P.M. defends privatisation record

Prime Minister Tuilaepa Dr. Sailele Malielegaoi has responded to concerns about the Government’s policy towards privatisation and past sales of public assets. 

Tuilaepa said the reason why the Government had privatised its assets is to avoid operating on a loss. 

He was responding to issues raised by former Cabinet Minister, La’aulialemalietoa Leuatea Polataivao over the Government’s decision to sell SamoaTel to Bluesky in the past. 

La’auli said the Government sold the company for $11 million and Bluesky then sold it to Vodafone for $86 million tala, which he said should have reaped profits for the public.

In his ministerial speech on Monday, Tuilaepa stressed the Government’s policy on privatisation addresses change in time but its foundation remains. 

He used the example of the Human Rights Protection Party [H.R.R.P.] initiative to establish the Samoa Land Corporation, where land from WESTEC was subdivided so that people can own freehold lands. 

Tuilaepa said the intention of the Government was so that people that have come out of retirement can own a quarter acre of land in the urban area from Vaitele, Vailele and Tafaigata. 

However, that changed when people had abused the initiative by reselling the land to the wealthy and returned to the S.L.C. seeking more land.

“These two M.Ps [La’auli and Olo] that continue to complain are owners of some of those lands,” said Tuilaepa. 

He said the M.Ps use those lands acquired for their businesses like the petrol station, the supermarket, a nightclub, a venue to host weddings and even bingo games. 

“The land is intended for low-income people who cannot own freehold land from Manono, Apolima, Savaii and Upolu,”said the Prime Minister. 

“But the problem is some of the people in the area don't own just a quarter acre of land but two to three acres of land.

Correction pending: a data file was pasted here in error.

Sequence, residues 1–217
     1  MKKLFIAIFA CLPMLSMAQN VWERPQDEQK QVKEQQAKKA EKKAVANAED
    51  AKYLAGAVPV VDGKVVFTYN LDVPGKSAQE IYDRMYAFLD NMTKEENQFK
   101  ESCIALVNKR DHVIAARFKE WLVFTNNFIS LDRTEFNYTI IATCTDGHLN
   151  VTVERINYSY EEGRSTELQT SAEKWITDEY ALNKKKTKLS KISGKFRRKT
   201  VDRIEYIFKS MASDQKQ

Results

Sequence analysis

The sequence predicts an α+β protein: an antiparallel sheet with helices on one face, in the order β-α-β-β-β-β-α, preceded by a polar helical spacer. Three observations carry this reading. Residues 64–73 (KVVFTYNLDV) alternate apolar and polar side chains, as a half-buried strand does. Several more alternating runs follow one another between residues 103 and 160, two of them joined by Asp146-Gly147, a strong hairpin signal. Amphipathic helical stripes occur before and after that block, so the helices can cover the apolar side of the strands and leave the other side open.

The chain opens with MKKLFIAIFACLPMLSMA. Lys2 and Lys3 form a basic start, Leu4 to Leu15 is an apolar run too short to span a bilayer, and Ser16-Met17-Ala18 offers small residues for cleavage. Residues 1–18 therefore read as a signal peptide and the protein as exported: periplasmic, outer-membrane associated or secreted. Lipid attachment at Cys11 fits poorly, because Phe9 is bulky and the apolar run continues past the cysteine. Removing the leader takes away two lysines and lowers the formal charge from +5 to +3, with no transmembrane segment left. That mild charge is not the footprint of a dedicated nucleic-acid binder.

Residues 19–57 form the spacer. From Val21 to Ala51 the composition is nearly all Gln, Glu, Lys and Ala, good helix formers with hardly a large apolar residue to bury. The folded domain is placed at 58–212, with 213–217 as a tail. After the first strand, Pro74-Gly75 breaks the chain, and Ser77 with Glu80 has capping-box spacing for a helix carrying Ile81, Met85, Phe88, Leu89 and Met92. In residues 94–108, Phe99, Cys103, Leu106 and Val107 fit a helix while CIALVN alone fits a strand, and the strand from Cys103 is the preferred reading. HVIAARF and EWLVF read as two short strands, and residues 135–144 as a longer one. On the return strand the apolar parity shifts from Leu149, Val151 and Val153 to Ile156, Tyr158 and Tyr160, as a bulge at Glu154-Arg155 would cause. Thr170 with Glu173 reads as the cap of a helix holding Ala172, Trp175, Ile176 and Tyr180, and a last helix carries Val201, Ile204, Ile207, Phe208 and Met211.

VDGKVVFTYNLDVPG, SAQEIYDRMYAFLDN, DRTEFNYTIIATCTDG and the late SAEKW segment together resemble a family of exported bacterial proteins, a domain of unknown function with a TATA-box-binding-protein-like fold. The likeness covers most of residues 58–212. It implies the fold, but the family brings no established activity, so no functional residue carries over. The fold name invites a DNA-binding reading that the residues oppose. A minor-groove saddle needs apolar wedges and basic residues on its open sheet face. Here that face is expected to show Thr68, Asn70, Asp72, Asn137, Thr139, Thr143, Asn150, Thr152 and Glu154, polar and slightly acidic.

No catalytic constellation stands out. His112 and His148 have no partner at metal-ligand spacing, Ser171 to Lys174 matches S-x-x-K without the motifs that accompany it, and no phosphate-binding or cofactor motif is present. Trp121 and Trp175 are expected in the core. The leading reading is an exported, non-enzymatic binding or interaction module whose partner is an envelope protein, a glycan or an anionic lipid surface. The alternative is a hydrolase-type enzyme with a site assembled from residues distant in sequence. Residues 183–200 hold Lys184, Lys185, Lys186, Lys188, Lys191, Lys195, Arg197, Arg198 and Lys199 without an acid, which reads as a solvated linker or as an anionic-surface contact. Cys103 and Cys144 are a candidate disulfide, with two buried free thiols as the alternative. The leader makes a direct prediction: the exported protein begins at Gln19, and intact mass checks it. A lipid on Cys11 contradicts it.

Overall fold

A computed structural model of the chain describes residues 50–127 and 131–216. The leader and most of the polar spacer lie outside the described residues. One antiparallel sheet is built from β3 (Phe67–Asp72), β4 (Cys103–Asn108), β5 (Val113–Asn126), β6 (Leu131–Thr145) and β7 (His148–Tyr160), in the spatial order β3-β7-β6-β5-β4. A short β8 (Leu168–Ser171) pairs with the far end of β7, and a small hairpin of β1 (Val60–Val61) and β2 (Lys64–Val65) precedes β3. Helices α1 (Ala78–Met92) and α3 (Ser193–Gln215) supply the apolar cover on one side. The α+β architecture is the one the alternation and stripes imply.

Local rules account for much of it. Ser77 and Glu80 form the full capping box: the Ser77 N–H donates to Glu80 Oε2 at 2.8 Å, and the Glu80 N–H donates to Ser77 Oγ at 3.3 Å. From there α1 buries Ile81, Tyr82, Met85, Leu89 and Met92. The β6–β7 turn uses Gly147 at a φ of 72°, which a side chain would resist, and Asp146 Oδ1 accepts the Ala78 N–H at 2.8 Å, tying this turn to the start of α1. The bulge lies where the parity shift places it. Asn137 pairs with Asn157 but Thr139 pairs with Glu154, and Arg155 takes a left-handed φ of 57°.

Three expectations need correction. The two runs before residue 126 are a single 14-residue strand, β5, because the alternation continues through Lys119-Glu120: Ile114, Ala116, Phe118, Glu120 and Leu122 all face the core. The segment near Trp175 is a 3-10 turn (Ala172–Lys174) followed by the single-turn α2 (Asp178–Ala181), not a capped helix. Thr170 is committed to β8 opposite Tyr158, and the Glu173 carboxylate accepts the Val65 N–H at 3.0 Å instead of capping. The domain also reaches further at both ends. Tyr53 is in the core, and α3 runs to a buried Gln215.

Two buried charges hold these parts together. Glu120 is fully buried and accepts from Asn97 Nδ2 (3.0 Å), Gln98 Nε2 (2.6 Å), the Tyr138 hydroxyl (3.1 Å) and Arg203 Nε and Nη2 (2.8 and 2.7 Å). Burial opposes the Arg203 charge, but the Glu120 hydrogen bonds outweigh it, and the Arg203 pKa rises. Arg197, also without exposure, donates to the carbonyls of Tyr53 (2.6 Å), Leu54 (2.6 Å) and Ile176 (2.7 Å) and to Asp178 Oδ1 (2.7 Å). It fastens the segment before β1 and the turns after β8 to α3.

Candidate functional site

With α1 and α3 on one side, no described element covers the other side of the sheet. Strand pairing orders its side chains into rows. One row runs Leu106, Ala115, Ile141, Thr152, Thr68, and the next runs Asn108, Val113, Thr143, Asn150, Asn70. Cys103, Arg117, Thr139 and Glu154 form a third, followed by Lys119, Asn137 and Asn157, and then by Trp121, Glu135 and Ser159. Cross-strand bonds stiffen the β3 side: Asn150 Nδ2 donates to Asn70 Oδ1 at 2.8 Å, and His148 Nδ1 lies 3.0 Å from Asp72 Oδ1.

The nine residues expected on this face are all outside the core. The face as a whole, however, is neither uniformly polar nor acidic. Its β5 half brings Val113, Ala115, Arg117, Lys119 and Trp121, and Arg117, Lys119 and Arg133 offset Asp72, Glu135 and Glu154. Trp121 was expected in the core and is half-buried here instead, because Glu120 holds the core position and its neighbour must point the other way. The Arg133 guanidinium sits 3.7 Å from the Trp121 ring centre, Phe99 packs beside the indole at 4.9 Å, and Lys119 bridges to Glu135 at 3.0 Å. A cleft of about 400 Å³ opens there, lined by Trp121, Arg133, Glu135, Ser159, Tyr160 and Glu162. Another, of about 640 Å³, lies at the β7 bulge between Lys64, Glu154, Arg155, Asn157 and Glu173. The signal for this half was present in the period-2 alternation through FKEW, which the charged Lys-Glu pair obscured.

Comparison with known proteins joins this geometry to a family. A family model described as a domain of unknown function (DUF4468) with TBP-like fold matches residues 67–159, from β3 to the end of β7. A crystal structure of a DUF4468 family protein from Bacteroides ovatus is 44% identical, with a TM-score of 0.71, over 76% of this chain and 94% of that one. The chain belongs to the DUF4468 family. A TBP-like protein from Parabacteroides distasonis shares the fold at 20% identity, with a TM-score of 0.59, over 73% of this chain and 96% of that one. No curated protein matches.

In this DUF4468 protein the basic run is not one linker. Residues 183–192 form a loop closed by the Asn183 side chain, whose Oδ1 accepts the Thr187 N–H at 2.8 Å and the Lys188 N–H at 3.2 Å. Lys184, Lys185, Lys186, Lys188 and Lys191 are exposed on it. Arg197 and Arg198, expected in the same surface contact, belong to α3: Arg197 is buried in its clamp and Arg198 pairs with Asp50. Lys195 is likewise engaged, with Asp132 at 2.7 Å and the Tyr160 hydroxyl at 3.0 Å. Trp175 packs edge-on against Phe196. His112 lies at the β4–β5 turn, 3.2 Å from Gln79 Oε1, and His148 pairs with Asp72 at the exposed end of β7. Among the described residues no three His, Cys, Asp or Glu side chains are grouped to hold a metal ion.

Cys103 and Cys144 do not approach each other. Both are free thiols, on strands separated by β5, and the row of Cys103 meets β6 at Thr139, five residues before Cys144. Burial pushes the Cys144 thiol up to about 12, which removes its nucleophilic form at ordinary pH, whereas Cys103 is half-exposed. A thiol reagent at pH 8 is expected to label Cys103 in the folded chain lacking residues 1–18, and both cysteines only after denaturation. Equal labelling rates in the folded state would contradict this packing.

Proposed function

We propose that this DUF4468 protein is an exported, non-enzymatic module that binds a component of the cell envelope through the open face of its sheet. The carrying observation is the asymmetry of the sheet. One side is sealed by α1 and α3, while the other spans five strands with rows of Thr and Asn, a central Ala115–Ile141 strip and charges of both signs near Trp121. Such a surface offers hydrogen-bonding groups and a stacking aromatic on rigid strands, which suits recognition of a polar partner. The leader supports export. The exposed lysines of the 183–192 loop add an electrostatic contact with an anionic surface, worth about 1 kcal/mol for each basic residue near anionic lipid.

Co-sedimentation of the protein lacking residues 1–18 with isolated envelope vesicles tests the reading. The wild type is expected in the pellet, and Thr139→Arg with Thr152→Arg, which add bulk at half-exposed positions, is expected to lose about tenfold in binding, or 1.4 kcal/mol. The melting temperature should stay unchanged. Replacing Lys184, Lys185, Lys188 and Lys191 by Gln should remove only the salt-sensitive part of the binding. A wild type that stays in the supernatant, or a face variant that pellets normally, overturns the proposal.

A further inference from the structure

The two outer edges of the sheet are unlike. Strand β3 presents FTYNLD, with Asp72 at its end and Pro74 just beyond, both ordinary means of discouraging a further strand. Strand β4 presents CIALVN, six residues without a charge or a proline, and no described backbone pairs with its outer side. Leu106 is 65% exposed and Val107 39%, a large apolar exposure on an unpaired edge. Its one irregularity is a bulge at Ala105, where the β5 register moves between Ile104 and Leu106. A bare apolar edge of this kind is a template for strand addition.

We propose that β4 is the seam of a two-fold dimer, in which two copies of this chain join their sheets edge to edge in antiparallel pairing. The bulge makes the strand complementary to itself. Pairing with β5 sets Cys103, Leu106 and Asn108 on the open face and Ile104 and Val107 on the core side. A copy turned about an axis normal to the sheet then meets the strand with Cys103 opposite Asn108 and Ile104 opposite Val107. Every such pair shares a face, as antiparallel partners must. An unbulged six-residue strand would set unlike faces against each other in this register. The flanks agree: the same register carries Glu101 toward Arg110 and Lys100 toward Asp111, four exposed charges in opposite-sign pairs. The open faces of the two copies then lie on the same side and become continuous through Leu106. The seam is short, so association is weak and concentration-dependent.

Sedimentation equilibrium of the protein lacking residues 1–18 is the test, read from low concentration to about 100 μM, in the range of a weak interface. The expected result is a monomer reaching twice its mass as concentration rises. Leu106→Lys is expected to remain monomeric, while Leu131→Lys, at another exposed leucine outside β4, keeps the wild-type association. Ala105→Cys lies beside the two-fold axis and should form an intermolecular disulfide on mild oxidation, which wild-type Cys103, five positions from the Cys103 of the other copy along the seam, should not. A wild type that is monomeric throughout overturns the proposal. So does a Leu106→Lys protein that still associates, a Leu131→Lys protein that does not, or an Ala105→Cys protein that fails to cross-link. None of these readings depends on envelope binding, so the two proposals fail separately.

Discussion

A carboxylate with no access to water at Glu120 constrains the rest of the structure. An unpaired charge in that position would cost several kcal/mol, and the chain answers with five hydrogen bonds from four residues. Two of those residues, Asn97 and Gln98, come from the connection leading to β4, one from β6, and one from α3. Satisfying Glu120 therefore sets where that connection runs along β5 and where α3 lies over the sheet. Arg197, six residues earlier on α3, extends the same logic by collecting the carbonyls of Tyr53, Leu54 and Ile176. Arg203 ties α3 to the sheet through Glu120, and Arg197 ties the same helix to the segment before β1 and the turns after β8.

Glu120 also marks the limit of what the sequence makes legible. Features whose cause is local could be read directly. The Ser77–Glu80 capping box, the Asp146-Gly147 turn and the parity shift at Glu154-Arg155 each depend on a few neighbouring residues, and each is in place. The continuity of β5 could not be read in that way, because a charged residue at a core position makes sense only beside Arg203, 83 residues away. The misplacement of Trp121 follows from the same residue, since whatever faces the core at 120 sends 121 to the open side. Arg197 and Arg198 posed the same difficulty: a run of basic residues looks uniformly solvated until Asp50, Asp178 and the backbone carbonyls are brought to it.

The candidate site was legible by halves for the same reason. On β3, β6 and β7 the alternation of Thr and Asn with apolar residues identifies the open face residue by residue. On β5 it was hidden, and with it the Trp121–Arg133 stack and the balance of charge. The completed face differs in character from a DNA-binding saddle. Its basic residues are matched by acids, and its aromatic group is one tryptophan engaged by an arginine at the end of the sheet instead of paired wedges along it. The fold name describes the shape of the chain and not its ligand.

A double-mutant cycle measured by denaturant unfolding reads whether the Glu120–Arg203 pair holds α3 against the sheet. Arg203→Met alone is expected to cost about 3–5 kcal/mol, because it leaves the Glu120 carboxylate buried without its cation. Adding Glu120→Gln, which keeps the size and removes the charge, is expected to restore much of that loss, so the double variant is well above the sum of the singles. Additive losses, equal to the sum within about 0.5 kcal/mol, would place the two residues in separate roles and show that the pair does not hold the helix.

“People sold their one quarter acre of land to the rich for $150k to $200k, giving away land given to them by the Government to live on.” 

Tuilaepa said since these issues came to light, the Government has decided the lands under S.L.C. will no longer be sold but is leased out to people. 

He stressed that the changes are in line with the Government's policy on privatisation where methods change but the foundation remains. 

Turning to the S.L.C., he said, the corporation had not carefully screened applications of those applying for land. 

But understandably, he added, it is because applicants had used other peoples' names to obtain more land. 

“This is the only way to stop the greedy is prohibiting the sale of the lands again,” he added. 

Tuilaepa said he is trying to explain these issues to "shine some light on the mind of those that are still in the dark, and want to remain in the dark."

He warned that small knowledge is indeed dangerous knowledge, saying that the changes were administered from the time of the late Prime Minister, Tofilau Eti Alesana, Polataivao Fossie and others including him. 

“The whole reason behind the privatisation policy that is practiced in many other countries is to avoid the Government going into bankruptcy and operating at a loss,” he said. 

“It is human nature that when it's public [assets] they don’t care about it, but only if it’s your own asset then you treat it with care and look after it and that is the reason why the WESTEC was broke and the H.R.P.P. made the changes.” 

Independent M.P. for Gagaifomauga no3, La’aulialemalietoa Leuatea Polataivao then took the floor to speak about the matters raised by the Prime Minister. 

But Speaker of the House, Leaupepe Toleafoa Fa’afisi reminded the M.P. that under Standing Orders the matter cannot be debated. 

He told the M.P. that the matters the Prime Minister raised about his father were not intended to talk poorly about his father, but to remind about his hard work with those who have passed. 

But La’auli objected, saying that the claims by the Prime Minister are serious and he should be given the opportunity to respond. 

Furthermore, La’auli said he is no God and he cannot sit back and let the Prime Minister make "such nonsense claims." 

“Don’t underestimate my views,” said La’auli. 

“Everything you do is not right. Honorable Speaker, you are my only shelter, I ask that you tell the Prime Minister to stop being disrespectful and watch what he says.” 

But Prime Minister Tuilaepa took the floor saying that he was merely clarifying matters raised by La’auli. 

He added that no matter where the M.P. goes he will be there to offer clarification on everything he raised. 

Speaker Leaupepe then intervened to calm the House. 

He reminded Members that the Prime Minister and Cabinet will not let matters go without proper clarification, and asked the Assembly to move on to the Government response.  

Parliament continues with the Cabinet Ministers now responding to matters raised by M.Ps in the budget debate. 

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